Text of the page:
EPI70.88 ± 0.35**53.3

Additionally, the efficacy of NC-6300 was assessed against MDA-MB-231 breast tumor. As shown in Figure 9, NC-6300 exhibited remarkable cell growth inhibition with transient and slight bodyweight loss. In contrast, EPI at 7 mg/kg was only able to slow tumor growth.

image

Figure 9. In vivo efficacy of NC-6300 and epirubicin (EPI) against MDA-MB-231 human breast tumor ([a] tumor growth; [b] bodyweight change). MDA-MB-231 tumor cells (3 × 106 cells/animal) were inoculated subcutaneously on the back (day –27), and intravenous administration three times with a 4-day interval (q4dx3, indicated by the arrows) started on day 0 when the tumor volumes were 284 ± 60 mm3. The dose of NC-6300 is expressed as a dose equivalent to EPI. Each point represents the mean for eight mice. Bars represent the SD. Control versus EPI and EPI versus NC-6300 (15 mg/kg) were compared statistically in terms of tumor growth on days 21, 28, 35 and 42. * and ** indicate P < 0.05 and P < 0.01 (Student’s t-test), respectively.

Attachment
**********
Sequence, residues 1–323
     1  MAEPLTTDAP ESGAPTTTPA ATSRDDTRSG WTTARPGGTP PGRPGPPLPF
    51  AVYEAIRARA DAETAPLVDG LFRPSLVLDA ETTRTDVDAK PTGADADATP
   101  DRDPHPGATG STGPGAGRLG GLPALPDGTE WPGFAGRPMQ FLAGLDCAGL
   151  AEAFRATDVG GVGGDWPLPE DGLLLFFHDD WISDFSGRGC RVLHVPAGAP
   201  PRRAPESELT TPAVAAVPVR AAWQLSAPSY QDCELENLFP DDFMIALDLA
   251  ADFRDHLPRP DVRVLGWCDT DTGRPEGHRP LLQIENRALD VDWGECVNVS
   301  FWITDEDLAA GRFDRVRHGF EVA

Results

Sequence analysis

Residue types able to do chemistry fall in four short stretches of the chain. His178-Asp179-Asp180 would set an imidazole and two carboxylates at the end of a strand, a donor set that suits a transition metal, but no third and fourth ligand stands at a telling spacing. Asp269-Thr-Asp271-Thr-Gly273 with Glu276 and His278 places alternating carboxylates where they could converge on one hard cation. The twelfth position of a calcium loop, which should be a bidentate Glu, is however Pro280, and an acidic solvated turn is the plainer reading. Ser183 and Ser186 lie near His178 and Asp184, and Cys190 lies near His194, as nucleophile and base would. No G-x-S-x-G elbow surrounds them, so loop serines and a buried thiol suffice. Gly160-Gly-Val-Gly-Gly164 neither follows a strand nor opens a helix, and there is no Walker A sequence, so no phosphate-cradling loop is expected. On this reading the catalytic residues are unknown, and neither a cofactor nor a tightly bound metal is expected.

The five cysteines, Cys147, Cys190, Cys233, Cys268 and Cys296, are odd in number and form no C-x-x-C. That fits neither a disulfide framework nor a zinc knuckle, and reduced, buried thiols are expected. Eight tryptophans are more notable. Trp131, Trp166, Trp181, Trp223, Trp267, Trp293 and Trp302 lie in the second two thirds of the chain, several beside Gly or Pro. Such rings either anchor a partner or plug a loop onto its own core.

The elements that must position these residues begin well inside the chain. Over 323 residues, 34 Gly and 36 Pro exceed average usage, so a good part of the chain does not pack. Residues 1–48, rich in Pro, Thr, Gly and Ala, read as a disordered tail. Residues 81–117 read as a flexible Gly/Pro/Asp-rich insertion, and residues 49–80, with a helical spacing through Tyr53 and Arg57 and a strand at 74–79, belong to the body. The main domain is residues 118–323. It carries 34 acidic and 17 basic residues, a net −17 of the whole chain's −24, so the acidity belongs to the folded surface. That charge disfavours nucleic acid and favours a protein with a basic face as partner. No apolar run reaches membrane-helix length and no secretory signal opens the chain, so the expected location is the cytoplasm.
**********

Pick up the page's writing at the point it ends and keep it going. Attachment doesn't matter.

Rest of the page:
Download figure to PowerPoint

Discussion

  1. Top of page
  2. Abstract
  3. Materials and Methods
  4. Results
  5. Discussion
  6. Acknowledgments
  7. Disclosure Statement
  8. References

NC-6300 was designed to stay in the blood circulation for a long time and accumulate in the tumor based on the enhanced permeability and retention effect.(17) Superior anti-tumor activity is expected due to efficient drug release in the tumor after entry of NC-6300 into tumor cells, accompanied by exposure to an acidic environment of endosomes and/or lysosomes.(18,19) The present series of studies were performed to demonstrate the proof of this concept.